Mobile STEM lab stops at Mt. Ulla

  • Posted: Thursday, November 29, 2012 12:10 a.m.
    UPDATED: Thursday, November 29, 2012 1:19 a.m.
The Rowan-Salisbury School System's STEM exploration lab is visiting Mt. Ulla Elementary School this week. Photo by Sarah Campbell, Salisbury Post.
The Rowan-Salisbury School System's STEM exploration lab is visiting Mt. Ulla Elementary School this week. Photo by Sarah Campbell, Salisbury Post.

MOUNT ULLA — Students at Mount Ulla Elementary marveled at the sights that surrounded them as they climbed aboard the Rowan-Salisbury School System’s mobile STEM exploration lab Wednesday.

They pointed out brightly colored safety goggles that hung from the sides of the bus and gasped when they realized they’d be using iPads.


“It was really different, I liked it a lot,” said second-grader Lucas Graham.

The district rolled out the mobile STEM lab at the end of September. STEM stands for science, technology, engineering and math.

The bus travels to elementary schools throughout the county, giving students a chance to participate in hands-on activities and conduct experiments with the use of tools they might not have exposure to in a typical classroom setting.

“It’s a field trip on wheels that comes to them, so that we’re not busing students to another location,” said Amy Pruitt, the teacher for the mobile classroom.

Pruitt creates the lessons using the district’s curriculum maps that are tied to state standards. She also drives the bus, which has already made stops at Woodleaf and Hurley.

Upon arriving at each school, she meets with teachers to brief them on the lessons she’s put together.

Every class from each school has a designated time to visit the bus.

Pruitt and each classroom teacher conduct lessons at two stations, while students work independently with iPads at the third.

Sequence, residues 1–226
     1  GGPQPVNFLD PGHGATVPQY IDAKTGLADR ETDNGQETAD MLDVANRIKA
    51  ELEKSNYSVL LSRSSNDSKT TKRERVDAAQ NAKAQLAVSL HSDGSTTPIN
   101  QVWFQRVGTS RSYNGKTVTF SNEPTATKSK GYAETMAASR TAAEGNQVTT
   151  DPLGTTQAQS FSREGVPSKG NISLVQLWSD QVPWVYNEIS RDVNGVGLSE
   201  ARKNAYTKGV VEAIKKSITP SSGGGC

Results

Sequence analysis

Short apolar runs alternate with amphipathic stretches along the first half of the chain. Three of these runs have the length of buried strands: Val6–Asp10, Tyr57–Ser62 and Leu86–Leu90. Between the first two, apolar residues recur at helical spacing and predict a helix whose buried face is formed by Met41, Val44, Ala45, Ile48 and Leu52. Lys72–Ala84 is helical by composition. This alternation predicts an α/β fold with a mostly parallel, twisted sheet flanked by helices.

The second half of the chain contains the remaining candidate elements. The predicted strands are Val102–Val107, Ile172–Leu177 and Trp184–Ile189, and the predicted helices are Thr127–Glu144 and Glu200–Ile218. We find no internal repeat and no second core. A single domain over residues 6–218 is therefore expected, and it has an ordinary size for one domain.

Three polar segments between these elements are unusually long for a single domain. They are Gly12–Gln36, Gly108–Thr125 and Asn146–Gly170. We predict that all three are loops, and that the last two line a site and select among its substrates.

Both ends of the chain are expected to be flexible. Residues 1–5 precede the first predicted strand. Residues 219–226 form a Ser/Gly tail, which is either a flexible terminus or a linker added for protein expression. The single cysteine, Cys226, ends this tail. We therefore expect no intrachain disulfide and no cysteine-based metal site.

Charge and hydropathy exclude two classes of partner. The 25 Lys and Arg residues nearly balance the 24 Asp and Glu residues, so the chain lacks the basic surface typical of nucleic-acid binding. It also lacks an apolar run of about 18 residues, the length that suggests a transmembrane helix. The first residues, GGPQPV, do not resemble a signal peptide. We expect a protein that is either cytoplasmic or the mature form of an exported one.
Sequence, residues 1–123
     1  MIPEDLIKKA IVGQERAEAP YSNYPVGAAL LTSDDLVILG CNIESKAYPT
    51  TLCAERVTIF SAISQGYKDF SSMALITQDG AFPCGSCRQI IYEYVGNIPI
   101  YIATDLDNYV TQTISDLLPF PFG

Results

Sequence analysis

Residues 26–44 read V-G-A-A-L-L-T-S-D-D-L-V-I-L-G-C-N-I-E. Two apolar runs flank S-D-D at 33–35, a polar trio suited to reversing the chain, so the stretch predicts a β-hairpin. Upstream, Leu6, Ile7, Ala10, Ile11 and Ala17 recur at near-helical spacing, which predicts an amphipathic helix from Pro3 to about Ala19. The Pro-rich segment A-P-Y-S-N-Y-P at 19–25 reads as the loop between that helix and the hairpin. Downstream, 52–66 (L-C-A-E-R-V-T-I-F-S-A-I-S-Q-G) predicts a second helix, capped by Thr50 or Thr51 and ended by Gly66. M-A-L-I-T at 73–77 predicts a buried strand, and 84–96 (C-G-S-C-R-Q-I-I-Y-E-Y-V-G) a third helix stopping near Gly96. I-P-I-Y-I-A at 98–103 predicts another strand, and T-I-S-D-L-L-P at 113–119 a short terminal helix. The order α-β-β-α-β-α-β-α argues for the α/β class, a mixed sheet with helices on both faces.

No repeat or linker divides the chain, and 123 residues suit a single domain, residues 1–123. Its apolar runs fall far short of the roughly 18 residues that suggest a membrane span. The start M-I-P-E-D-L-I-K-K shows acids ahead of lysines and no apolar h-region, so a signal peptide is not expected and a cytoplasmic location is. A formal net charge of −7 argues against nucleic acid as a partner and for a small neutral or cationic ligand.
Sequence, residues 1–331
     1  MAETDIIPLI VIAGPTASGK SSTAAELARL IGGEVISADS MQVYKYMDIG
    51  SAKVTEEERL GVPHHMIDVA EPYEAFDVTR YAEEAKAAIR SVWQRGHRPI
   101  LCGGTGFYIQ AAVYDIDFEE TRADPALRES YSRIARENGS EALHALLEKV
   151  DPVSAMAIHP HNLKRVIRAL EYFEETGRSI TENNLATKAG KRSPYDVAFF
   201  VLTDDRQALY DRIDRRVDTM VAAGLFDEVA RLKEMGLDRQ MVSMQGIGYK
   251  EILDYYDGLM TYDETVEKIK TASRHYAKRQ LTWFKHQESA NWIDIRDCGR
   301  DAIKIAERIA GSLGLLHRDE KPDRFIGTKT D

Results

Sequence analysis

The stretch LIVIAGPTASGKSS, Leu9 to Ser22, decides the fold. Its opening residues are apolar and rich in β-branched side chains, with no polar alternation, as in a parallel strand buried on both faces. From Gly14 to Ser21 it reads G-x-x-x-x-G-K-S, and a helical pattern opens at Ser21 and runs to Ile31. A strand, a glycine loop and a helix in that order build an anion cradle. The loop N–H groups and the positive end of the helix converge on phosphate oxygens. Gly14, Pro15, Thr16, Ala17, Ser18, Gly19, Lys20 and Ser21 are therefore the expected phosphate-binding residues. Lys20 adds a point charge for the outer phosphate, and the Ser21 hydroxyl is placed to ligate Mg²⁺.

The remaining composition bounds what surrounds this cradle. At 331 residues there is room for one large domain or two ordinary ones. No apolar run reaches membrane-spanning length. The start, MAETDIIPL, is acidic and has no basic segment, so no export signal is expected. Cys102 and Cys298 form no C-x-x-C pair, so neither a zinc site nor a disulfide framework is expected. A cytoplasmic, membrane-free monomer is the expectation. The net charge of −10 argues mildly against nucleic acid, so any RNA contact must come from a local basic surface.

“The whole purpose of this lab is to support the classroom,” Pruitt said. “It may be a review of a science skill they have already covered or an introduction, depending on when I arrive during the quarter.”

Although many teachers are already incorporating STEM initiatives into their classrooms, Pruitt said the mobile lab provides a unique experience.

“We’re kind of co-teaching and the students see the material in a different way with different equipment,” she said.

Young students spend between 30 to 45 minutes on the bus, while those in third through fifth grades are treated to a 90-minute session.

Pruitt said one thing is the same at every school she visits.

“You can see the excitement,” she said. “They get to touch, they get to experiment, they’re in charge. It makes them love learning.”

Second-graders at Mount Ulla Elementary learned about the properties of matter Wednesday.

Pruitt demonstrated how liquids take the shape of the container they are in, but remain the same volume by pouring equal parts water into both a short, round beaker and tall graduated cylinder.

Teacher DeAnna Cloninger related the topic it to everyday life by talking about how precipitation changes state as air temperatures rise and fall.

Students also got what Pruitt calls a “brain break” to play the water physics game “Where’s My Water” on iPads.

Second-grader Jaritzi Elorza said she enjoyed being on the bus Wednesday.

“I really like science, I wish we got to do more things like this in my class,” she said.

The learning doesn’t end when students get off the bus. Pruitt sends them home with an activity to do with their parents.

Koontz Elementary will be Pruitt’s final stop before the winter break. She expects to make it to about a dozen schools this year and hopes to do some summer enrichments programs.

Contact reporter Sarah Campbell at 704-797-7683.

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